RFC 5792 PA-TNC March 2010 A.2.1.4. Vendor X AV Posture Request (Vndr X AV Post. Req) This flow contains the PA message (Posture Request) from the Vendor X Anti-Virus Posture Validator Vendor X AV Posture Request PA Message { Attribute HDR {Message ID} Attribute 1 { vendor-id=0 type=1 (Attribute Request) length Value = { Vendor-id=1 (Vendor X) Type=1 (Vendor X attribute, Scan-Engine-Version) Vendor-id=0 (IETF Standard) Type=5 (Standard, Operational-Status) } } } A.2.1.5. Posture Request This flow contains the PB message containing the PA messages from the Vendor X and Vendor Y Anti-Virus Posture Validators; the message content is described in the PB-TNC specification. A.2.1.6. Posture Request (Vndr X AV Post Req & Vndr Y AV Post Req) These flows illustrate an invocation of the Vendor X and Vendor Y Anti-Virus Posture Collectors to process the Posture Request and return the particular posture attributes requested. Because this flow is triggered locally, NEA does not specify the contents of this flow. Sangster & Narayan Standards Track [Page 67]
RFC 5792 PA-TNC March 2010 A.2.1.7. Vendor Y AV Posture (Vndr Y AV Posture) This flow contains the PA message (response to the Posture Request) from the Vendor Y Anti-Virus Posture Collector. Vendor Y AV Posture PA Message { Attribute HDR {Message ID} Attribute 1 { vendor-id=0 (IETF Standard) Type=2 (Standard attribute, Product-Information) length Value = { product-vendor-id=12345 (vendor Y) product-id=987 (AV product id from vendor Y) product-name="Vendor Y Anti-Virus" } } Attribute 2 { vendor-id=2 (vendor Y) type=2 (vendor Y attribute, DAT-Version) length Value = { DAT-version=5678 } } } Sangster & Narayan Standards Track [Page 68]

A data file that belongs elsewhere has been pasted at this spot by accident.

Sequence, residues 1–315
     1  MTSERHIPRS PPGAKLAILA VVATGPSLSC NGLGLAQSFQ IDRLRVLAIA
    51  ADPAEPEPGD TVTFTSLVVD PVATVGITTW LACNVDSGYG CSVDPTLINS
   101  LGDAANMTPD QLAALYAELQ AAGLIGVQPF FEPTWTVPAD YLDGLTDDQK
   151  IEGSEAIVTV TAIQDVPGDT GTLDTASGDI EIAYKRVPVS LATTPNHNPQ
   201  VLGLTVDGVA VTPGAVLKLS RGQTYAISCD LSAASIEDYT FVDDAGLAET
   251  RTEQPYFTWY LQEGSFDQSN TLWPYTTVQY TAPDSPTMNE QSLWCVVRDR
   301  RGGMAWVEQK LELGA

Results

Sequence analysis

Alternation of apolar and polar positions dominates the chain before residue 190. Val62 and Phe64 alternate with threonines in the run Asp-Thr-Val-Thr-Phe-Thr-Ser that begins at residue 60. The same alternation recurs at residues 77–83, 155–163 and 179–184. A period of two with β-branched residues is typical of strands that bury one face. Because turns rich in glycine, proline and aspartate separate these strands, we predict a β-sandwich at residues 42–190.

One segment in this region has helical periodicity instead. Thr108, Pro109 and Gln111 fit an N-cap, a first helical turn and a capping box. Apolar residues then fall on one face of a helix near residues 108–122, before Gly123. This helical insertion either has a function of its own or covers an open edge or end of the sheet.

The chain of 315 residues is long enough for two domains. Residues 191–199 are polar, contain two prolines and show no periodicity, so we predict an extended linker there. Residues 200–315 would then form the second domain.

RFC 5792 PA-TNC March 2010 A.2.1.8. Vendor X AV Posture (Vndr X AV Posture) This flow contains the PA message (response to the Posture Request) from the Vendor X Anti-Virus Posture Collector. Vendor X AV Posture PA Message { Attribute HDR {Message ID} Attribute 1 { vendor-id=1 type=1 (vendor X attribute, Scan-Engine-Version) length Value = { scan-engine-version=1234 } } Attribute 2 { vendor-id=0 (IETF Standard) type=5 (Standard, Operational-Status) length Value = { status=2 (installed but non-operational) result=0 (unknown) last use="" (never used) } } } A.2.1.9. Posture Response This flow contains the PB message containing the PA messages from the Vendor X and Vendor Y Anti-Virus Posture Collectors; the message content is described in the PB-TNC specification. A.2.1.10. Verify Posture This flow illustrates an invocation of the Vendor X and Vendor Y Anti-Virus Posture Validators requesting verification of the posture attributes received. Because this flow happens locally within the NEA server, NEA does not specify the message contents. Sangster & Narayan Standards Track [Page 69]